Outline for Five Wise Women of the Bible
by Jonathan Spurlock
(Holts Summit, MO)
Intro: Only a few women in the Bible were called “wise women”, even though any number of women were truly wise. A pair of women, both in the Book of 2 Samuel, were called “wise women” and both gave solutions to vexing problems. Abigail, the wife/widow of Nabal the Carmelite (1 Samuel 25) was described as a woman “good understanding”. Jael, wife of Heber the Kenite, in the Book of Judges, personally took action to rid Israel of an enemy, using her wisdom. Finally, one unnamed woman from Thebez, also in Judges, stopped Ahimelech, son of Gideon, from extending his reign over Israel (Judges 9).
Many women used their God-given wisdom to make life better for their homes, husbands, and nation. These five are only a sample and any number of others, named and not named, deserve a closer look at the good they did. It is also true that many women used the wrong kind of wisdom to do untold evil and mischief—in Bible days, as well as these days. Blessed is the woman indeed whose God is the Lord and who seeks to put Him first in all she does.
I The Wise Woman of Tekoa (2 Sam 14)
--This took place before the rebellion by Absalom.
--Tekoa was southeast of Jerusalem (estimate: 12 miles) and Bethlehem (estimate: 6 miles) so relatively close to David’s birth place and capital.
--Joab found her and asked her to play the role of a widow, who had also had one son kill the other son.
--Eventually David figured it out that she was talking about the feud between him and his son, Absalom. Absalom had fled from David three years before (2 Sam. 13).
--She did her part to make reconciliation possible between the king and one of his sons.
II The Wise Woman of Abel-Beth-Maacah (2 Sam 20:14-22)
--This event took place after Absalom’s rebellion had been defeated.
--Abel-Beth-Maacach was in Israel’s far north regions (near Dan).
--Shimei, a Benjamite, had called for another rebellion against David (20:1-2) and had led a good number of Israelites after him. They were fleeing to the north and were living in Abel.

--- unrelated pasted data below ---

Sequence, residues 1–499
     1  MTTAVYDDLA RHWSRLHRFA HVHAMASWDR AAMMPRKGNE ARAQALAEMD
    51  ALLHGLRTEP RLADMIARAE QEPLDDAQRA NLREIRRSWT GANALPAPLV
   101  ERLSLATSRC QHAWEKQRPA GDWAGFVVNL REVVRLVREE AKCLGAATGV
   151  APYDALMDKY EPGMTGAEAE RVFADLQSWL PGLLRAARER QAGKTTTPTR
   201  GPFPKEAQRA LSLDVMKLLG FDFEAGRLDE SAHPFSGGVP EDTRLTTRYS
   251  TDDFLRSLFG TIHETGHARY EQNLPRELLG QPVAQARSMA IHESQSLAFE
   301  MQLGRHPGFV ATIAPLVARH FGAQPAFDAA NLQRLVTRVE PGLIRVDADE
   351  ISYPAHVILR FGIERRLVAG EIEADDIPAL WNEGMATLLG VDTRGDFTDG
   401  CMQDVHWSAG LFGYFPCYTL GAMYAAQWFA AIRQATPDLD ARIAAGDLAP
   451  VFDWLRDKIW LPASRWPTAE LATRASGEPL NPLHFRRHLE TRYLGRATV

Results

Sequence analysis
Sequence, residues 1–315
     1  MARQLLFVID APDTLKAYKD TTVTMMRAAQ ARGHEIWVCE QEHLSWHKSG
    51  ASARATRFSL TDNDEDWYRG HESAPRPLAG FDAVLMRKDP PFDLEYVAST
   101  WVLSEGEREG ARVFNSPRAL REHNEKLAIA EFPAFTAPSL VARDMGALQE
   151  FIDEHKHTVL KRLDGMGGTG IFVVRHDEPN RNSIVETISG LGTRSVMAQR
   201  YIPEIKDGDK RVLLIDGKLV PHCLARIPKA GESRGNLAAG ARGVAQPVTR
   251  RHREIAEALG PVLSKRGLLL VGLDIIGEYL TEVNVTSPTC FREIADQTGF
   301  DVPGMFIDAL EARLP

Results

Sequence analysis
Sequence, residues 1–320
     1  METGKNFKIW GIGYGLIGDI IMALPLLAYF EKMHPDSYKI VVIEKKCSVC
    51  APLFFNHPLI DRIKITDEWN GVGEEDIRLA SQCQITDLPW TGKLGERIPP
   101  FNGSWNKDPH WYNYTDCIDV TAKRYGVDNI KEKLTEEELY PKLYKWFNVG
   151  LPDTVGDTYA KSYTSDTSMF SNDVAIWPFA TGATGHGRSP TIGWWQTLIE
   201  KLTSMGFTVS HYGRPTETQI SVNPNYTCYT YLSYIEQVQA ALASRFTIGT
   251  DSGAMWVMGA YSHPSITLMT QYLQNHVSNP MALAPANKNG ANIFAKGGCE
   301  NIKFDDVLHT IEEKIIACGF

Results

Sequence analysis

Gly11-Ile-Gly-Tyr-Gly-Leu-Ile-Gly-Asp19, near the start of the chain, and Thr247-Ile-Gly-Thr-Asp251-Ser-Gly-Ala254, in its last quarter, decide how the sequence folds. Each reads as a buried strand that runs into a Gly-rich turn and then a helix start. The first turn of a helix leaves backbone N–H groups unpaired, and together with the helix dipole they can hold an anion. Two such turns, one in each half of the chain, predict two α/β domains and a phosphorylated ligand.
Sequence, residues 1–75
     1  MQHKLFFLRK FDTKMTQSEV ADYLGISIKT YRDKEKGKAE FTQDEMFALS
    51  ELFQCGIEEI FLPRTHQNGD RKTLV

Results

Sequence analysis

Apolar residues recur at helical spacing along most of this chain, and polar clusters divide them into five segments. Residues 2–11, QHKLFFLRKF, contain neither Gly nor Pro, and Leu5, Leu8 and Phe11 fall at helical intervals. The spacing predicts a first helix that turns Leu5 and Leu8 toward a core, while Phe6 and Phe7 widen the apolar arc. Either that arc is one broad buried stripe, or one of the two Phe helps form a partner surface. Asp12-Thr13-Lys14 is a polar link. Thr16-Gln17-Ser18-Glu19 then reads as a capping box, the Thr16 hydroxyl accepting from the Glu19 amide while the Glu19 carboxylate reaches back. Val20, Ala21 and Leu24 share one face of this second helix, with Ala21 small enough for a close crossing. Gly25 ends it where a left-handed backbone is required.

--Joab arranged the soldiers against the city to “besiege” it—wait for the people to starve and had built impressive mounds, etc., against the city.
--The wise woman asked Joab why he was there and he explained. All he asked for was Shimei’s head, proof of execution, and the army would leave.
--She made the request known and Shimei was put to death. Someone in the city threw Shimei’s head over the walls. Joab kept his word and the army left.
--She did her part to keep the city safe from destruction.
III Abigail, the woman of “good understanding (1 Sam 25)”
--She was not only beautiful but wise (25:3); husband was “churlish”
--David’s men had protected Nabal’s workers, livestock, etc., at no charge. (4-9)
--David requested some compensation for the protection rendered; Nabal had none of it (10-11)
--David and men were ready to destroy Nabal and every male in his household (21-22)
--Abigail prepared a feast for David’s men: bread, wine, grain, etc.
--She offered to take all the blame for Nabal’s poor behavior and recognized David’s future greatness (he was just a leader of 600 “irregular” soldiers at this time).
--Eventually she informed Nabal, who died a few days later, and married David. She apparently followed him till her earthly life was over.
--She did her part to prevent unnecessary bloodshed.
IV Jael, the woman who killed an enemy (Judges 4)
--Lived in the time of the Judges, dark period of Israel’s history
--Israel, especially the northern region, oppressed by Sisera, general of King Jabin’s army
--Deborah was the “judge” at that time; Barak selected to be Israel’s military leader
--Israel won the battle with God’s help; Sisera’s army ran for their lives but all were killed except Sisera himself
--Sisera came to house of Heber the Kenite (Jael was his wife) and asked for water; got milk
--Eventually Jael drove a “nail (KJV)” into Sisera’s temple and killed him
--She did her part in destroying an enemy. It must be remembered that in the Book of Joshua, Israel was commanded to destroy all the Canaanite peoples. That they did not, and wound up worshipping the very deities that couldn’t deliver them from Israel in the past, are two reasons why God allowed the Israelites to be subjected.
V The crafty woman of Thebez (Judges 9)
--Not named, only mentioned in one verse (Judges 9:53)
--Ahimelech, son of Gideon, had himself crowned king, years before Saul
--Ahimelech tried to conquer Thebez but this woman threw a piece of a millstone at him. Text says “all to brake (sic) his skull” and most likely means she fractured his skull.
--Ahimelech asked another soldier to kill him, then the other man did so. Israel then went home.
--She did her part by saving her city from certain destruction by an evil man.
Conclusion: each of these studies could be expanded into messages, workshops, etc. There was only one thing each woman had in common: she was led to get involved, but never tried to receive any glory for herself. Godly women need not strive to “reach the top” if the Lord doesn’t want her to be there, but when she realizes her place in God’s kingdom, and strives to serve Him wherever she is, she will be blessed beyond measure.
Scripture quotations taken from the King James Version of the Bible (KJV).